The popularity of vegetarian dishes

  Vegetarian doesn’t have to mean tasteless. Stop by Grateful Bread for confirmation. | PC: Zach Morrison

Vegetarian doesn’t have to mean tasteless. Stop by Grateful Bread for confirmation. | PC: Zach Morrison

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Lincoln has a wide variety of vegetarian restaurants each with their own unique twists and tastes. Grateful Bread, also known as Freakbeat Vegetarian, is one of them.

Grateful Bread, located at 1625 S. 17th St., offers a diverse selection of delicious macaroni and cheese, soup and other fresh baked goods. Their products are switched out often, and their Facebook page is updated each day with what they’ll be serving. All of their “soul food” dishes are vegetarian, and a few are even vegan as well.

The colorful restaurant is just as interesting as the food itself. A flying dinosaur is strung up overhead, and over a dozen different Mr. Potato Head toys are displayed throughout, creating a fun and unusual environment.

With delicious food at low costs, it’s easy to see why Grateful Bread often has a line out their doors and such high ratings online. However, it’s not the only vegetarian restaurant gaining popularity.

Recently, vegetarian-friendly options at restaurants are becoming more and more popular, both inside and outside Lincoln.

In 2015, The Vegetarian Research Group commissioned Harris Poll to survey 2,015 adults online to get a representation of U.S. eating behaviors. More accurately, they wanted to see how many people are actually interested in the vegetarian and vegan meals restaurants and companies are offering.

The results revealed 37 percent of those surveyed said they always or sometimes ate vegetarian meals when they when they went out to eat.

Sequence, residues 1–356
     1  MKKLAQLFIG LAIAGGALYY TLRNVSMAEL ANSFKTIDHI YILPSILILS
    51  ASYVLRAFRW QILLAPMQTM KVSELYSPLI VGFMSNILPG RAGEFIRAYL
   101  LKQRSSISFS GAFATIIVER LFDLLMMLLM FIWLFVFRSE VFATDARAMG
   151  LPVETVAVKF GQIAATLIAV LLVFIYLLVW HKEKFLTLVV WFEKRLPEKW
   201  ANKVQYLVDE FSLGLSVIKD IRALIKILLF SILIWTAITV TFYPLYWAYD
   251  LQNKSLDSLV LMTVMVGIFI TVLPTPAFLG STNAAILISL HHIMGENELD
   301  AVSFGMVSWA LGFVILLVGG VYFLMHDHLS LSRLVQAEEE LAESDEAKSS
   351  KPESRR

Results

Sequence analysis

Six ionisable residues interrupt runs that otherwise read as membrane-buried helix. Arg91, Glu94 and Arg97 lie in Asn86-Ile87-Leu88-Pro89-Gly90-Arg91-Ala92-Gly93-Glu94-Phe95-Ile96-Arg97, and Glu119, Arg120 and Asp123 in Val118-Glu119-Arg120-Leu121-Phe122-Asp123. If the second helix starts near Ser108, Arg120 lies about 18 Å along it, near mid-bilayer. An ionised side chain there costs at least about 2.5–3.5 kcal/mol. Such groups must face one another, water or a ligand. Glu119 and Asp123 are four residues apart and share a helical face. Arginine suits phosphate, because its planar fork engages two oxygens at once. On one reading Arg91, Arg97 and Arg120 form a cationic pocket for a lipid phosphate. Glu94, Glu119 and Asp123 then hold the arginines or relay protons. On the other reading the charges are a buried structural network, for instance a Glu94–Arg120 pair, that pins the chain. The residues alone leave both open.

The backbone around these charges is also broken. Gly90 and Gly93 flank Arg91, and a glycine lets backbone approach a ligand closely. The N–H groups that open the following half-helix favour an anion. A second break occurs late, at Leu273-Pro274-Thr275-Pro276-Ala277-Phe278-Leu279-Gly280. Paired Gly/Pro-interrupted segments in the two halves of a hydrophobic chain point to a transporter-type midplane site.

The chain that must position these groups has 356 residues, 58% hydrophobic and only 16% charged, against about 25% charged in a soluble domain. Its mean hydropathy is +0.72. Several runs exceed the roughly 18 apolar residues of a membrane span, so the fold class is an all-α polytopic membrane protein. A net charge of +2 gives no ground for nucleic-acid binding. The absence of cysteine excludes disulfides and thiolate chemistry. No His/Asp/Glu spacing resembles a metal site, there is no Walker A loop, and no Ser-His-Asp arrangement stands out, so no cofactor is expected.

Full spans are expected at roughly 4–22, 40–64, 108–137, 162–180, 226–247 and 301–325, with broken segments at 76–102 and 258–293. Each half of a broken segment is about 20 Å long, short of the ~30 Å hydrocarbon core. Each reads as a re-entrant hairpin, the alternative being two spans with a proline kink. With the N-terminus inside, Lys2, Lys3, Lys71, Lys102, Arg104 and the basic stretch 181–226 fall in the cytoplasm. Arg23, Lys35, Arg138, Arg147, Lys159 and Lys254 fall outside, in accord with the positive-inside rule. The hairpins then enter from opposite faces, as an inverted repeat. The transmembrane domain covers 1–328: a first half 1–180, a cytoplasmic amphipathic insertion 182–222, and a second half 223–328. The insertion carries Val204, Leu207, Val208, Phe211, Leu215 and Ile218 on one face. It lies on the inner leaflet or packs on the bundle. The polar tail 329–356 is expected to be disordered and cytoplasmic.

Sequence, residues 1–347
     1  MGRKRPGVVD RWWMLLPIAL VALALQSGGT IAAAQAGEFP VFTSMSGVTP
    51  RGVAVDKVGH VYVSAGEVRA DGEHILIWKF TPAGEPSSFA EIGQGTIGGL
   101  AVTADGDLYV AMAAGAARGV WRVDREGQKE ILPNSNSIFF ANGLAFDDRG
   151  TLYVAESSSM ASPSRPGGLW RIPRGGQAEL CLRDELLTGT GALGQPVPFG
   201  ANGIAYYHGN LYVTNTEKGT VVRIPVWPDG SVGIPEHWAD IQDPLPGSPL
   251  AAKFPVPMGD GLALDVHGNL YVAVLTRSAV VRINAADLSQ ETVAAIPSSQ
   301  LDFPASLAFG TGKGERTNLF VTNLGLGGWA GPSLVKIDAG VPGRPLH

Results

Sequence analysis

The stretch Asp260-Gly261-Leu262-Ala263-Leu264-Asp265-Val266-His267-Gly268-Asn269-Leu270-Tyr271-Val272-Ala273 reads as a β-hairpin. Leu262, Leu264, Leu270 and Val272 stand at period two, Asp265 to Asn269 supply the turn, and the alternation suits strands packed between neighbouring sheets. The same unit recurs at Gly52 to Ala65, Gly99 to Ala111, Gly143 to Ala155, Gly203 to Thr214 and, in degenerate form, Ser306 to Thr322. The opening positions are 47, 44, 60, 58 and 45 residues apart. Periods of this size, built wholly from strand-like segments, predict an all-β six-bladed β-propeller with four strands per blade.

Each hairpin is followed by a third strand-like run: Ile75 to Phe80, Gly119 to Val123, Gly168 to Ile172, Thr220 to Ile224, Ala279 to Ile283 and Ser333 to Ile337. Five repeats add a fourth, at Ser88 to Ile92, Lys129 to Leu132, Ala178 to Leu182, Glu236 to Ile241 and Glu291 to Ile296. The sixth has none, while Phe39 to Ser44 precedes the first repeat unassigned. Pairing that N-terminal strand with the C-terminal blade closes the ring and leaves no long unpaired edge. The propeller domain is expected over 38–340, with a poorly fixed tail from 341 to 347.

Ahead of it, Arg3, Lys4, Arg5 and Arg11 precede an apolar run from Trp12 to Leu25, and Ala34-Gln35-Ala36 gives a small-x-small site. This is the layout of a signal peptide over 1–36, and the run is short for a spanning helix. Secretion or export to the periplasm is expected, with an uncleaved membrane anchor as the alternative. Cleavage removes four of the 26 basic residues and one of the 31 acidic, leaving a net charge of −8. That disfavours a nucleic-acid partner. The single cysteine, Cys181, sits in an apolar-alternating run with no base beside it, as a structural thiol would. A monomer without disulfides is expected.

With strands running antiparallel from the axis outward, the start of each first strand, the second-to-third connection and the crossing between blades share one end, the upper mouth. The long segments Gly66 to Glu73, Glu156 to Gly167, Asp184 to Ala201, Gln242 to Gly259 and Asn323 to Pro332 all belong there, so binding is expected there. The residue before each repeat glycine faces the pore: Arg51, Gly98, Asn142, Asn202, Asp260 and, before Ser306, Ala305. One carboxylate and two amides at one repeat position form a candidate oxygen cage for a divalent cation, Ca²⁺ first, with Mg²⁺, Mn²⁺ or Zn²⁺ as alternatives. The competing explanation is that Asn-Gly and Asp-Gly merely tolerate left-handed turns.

The Vegetarian Research Groups says, “there is incentive for producing vegetarian products as there is a demand from over one third of the population on at least a weekly basis, plus others who may eat vegetarian meals, but not as consistently.” Yet, according to their other research, the incentive is “not enough just to offer meatless items” because of other needs such as health, convenience, price and religious requirements.

When asked if he thought there was an increase in vegetarian options at restaurants, student Stuart Nelson answered, “Oh, yeah, there’s a huge growing vegetarian trend rising even outside of the Adventist community. For restaurants to ignore that, they’re losing a lot of money by not catering to that crowd.”

Already, the restaurant options in Lincoln have expanded to include Maggie’s Vegetarian Wraps and Pepe’s Vegetarian Bistro, both providing tasteful options for alternative cuisine. If this progression continues, though, we will see even more restaurants offering only vegetarian meals.


Amanda McCarter is a sophomore studying biomedical science.